The 1% Price Increase Fallacy

Updated on 10/27/2010:  Today’s Journal features an article on Small Business pricing and has the same famous 1% price increase quote from  McKinsey “study”.

A price rise of 1% at an average company in the S&P 1500 index, which includes large-, mid- and small-cap companies, would generate an 8% increase in operating profit if sales volume stays steady, the study found

As you read below, the study is not a market experiment. It simply looked at current margins of S&P 500 firms and plugged in the numbers to see how much the income will change. It is sad that a simple what-if analysis gets quoted as indisputable research.

Now on to the article —
The idea is very simple and appealing and managers are smitten by the beauty of this rule.  It is the 1% price increase rule. Its origin is unknown but it became popular when it was described in the book The Price Advantage. Now there is another book out called The 1% Windfall. The premise is,

“1% increase in price will increase your profit by 10-12%”

It is true because it is an artifact of the simple math on revenue and profit calculations. You apply any multiplier to the factors, the calculated metric moves as well. The only take way from the concept should be, notes in parenthesis and edits added by me:

(Under certain conditions for some businesses), increasing focusing on pricing will yield higher profit better results than decreasing focusing on costs, which is due to the fact that price increases flow directly to profit.

But the problem is the 1% is now considered the magical number and in the process of simplification the nuances and caveats are lost. This makes it look as if the way to increase profit is just turning knobs on a proverbial pricing dial.  Increase prices to increase profits.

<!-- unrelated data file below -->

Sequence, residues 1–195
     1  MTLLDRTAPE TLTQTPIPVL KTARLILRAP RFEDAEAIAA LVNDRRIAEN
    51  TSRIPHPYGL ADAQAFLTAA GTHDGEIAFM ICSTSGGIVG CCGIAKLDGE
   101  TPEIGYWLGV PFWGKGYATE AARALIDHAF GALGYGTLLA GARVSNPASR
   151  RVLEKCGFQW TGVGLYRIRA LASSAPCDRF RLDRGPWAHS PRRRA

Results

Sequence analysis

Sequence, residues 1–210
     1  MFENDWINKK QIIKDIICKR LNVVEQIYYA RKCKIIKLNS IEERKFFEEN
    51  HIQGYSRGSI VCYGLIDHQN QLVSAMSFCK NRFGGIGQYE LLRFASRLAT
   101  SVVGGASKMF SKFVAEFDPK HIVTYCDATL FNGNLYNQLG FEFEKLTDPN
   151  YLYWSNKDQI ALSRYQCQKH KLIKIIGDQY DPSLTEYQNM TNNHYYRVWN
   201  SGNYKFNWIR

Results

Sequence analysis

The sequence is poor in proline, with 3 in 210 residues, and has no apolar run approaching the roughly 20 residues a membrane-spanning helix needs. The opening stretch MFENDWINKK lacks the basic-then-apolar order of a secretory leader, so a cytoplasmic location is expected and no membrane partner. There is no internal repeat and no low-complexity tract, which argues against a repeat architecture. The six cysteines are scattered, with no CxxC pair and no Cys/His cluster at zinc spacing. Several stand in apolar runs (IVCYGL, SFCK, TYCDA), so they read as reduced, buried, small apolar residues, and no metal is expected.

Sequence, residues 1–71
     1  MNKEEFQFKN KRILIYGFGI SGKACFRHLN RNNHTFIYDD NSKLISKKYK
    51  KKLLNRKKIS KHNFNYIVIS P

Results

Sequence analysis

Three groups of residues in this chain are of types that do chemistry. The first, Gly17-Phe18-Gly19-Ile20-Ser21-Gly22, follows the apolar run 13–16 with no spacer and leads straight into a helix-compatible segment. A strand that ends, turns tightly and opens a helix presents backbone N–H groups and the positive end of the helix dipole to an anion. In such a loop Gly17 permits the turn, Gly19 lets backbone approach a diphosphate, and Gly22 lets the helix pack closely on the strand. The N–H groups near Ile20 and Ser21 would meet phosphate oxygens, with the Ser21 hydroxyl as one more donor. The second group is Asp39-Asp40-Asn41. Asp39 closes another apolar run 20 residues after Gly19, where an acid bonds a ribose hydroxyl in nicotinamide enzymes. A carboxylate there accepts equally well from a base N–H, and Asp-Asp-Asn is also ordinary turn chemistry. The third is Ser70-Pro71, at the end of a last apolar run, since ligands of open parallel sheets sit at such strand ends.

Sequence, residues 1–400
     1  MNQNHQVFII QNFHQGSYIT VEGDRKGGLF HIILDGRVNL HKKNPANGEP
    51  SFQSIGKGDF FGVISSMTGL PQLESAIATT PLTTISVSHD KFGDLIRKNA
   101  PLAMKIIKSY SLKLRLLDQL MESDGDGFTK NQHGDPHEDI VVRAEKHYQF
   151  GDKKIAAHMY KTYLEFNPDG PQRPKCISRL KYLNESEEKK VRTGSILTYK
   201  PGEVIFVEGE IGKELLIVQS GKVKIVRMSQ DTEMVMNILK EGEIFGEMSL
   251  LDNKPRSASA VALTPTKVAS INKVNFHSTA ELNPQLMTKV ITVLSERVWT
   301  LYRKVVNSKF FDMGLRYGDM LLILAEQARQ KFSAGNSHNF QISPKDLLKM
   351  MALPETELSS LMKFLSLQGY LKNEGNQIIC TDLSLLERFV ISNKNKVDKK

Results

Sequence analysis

Here are the key problems with 1% argument:

  1. Elasticity: It ignores where in the demand curve is the current pricing (or states it as footnote and not as primary argument). Only products that are currently priced at inelastic part of the demand curve, will see change in demand from a modest price increase.
  2. Reductio Ad Absurdum: So if 1% is good, is 2% better? 10%?  Suppose we did the 1% price increase and achieved profits, can we keep at it? This brings us back to first point on where in demand curve is the product. This means the 1% rule is a gross generalization.
  3. Why just 1%? This is flip side of above two points. If your current prices are in the inelastic part of demand curve, shouldn’t you find the true price increase needed before profit starts dropping off?
  4. Roughly Right Vs Precisely Wrong: If the product is priced wrong, there are other ways that are needed to get it right. For example, is the product targeting the right segment and offers right value at the price the segment is willing to pay?  In fact, instead of increasing prices a reduction may be needed to maximize profits. The 1% rule will fine tune a wrong price and achieve precision but will still be wrong.
  5. Versioning: Focusing on 1%, you shut yourself from the opportunity to develop and deliver high value products to segments that are willing to pay much higher prices or lower value version at lower prices to others.

The 1% price increase is just a catchy tagline – simple, popular and irrelevant. Effective pricing starts with segmentation and targeting and not dialing knobs. 1% price increase may be relevant to businesses that already have the right segmentation and versioning but not when the marketing and pricing strategy are wrong.

Final note, the book  1% Windfall that talks about how successful companies use price to profit and grow is discounted 45% on Amazon (wonder why not 44%).

18 thoughts on “The 1% Price Increase Fallacy

  1. It’s good to see some challenges to the McKinsey “1% increase in price” line.
    I mean, it’s true, but in a sense true by definition.
    Price is 100% of price, costs are a fraction of sell price. So the return to a price improvement is a bigger number than the return arising from a cost or volume improvement.
    And yes, sure some companies have all sorts of reductions and incentives in their final net price, but in lots of cases they are there for a good reason, like allowance for co-op advertising – if that exposes the brand to consumers then it can be a perfectly acceptable expense.